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Utilize potential of cultural arts to bring communities together

The Yomiuri ShimbunCultural arts play a role in making people feel at ease while also bringing communities together. As such shouldn’t their potential be utilized? It would be advisable to use the upcoming House of Councillors election as an opportunity to think about such matters anew.

Many cases exist that show theatrical and musical performances, as well as works of art and cultural assets, can be considered to be useful resources for society.

A Saitama Prefecture-based theatrical company established by theater director Yukio Ninagawa consists of members who are in their twilight years. Despite its members having little acting experience, the troupe continues to produce dramas by holding tough rehearsals and giving performances on stage.

Many people may be encouraged when they see elderly people expressing themselves with such vigor.

An increasing number of exhibitions and events showcasing the creative activities of disabled people have also been shown to the public. More than a few of the paintings and sculptures created by such people have been praised for their high degree of artistic quality. It is safe to say that such activities are functioning as a precious point of contact between people with disabilities and society.

The Toyama Prefectural Museum of Art and Design in Toyama has a roof garden offering panoramic views of the Tateyama mountain range. Visitors, who can access the garden free of charge, can enjoy works of contemporary art in a relaxed environment. The museum has received wide praise for attracting a large number of visitors by bringing art and the lives of citizens together.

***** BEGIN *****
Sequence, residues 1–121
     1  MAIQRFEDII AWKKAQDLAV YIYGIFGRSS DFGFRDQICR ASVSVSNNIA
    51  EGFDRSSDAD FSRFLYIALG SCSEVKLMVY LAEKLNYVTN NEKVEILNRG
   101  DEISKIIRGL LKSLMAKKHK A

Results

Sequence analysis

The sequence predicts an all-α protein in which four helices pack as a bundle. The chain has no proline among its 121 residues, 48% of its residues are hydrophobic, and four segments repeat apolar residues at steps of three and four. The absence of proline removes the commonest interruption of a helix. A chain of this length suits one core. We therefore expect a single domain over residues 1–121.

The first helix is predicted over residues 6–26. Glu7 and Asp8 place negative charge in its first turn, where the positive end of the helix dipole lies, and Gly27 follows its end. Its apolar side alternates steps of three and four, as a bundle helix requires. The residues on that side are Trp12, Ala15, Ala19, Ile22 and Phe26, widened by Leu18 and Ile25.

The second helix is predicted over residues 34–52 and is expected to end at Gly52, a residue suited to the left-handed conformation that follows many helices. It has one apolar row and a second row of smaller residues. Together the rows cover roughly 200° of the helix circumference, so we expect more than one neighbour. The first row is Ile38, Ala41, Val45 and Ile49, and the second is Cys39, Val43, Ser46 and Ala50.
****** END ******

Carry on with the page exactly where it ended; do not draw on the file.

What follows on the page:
As the aging of Japan’s population continues to advance, an increasing number of elderly people are expected to live alone. There is no doubt that some elderly people can ease their loneliness by coming into contact with culture.

Promote cultural exports

In its election promise, Komeito has said it will work to facilitate each community by utilizing cultural assets. Each political party is advised to further debate cultural policies conducive to building stronger bonds in communities and producing a sense of security among them.

Efforts have also been made to rediscover cultural assets in various places that have so far received little attention, so they can be utilized for such purposes as the promotion of regional development.

The Japan Heritage list of cultural assets designated by the Cultural Affairs Agency constitutes an attempt to write stories about the heritage in various places to have these assets appreciated. The list comprises more than 80 such assets, including a stone-paved mountain path in the Hakone area used by travelers during the Edo period (1603-1867).

Utilizing such heritage to promote regions is expected to produce such economic effects as an increase in tourist numbers.

Promoting culture and art as an exportable commodity is also a promising policy measure.

Although the government is striving to advance its Cool Japan Strategy, a plan aimed at promoting Japanese culture overseas, it is not necessarily making progress.

Japanese manga and animated films have attracted worldwide attention, while rakugo storytellers have staged performances for U.S. and European audiences and received favorable responses. Ingenuity will be required to utilize the widespread popularity of Japanese culture overseas.

In improving the substance of cultural policies, it is important to support people in charge of promoting Japanese culture.

Necessary measures include fostering successors in traditional performing arts and individuals who can preserve and restore cultural properties. Improving the working conditions of those engaged in producing animated films is another necessary measure. Supporting such efforts in the development of human resources is indispensable.

(From The Yomiuri Shimbun, July 14, 2019)Speech



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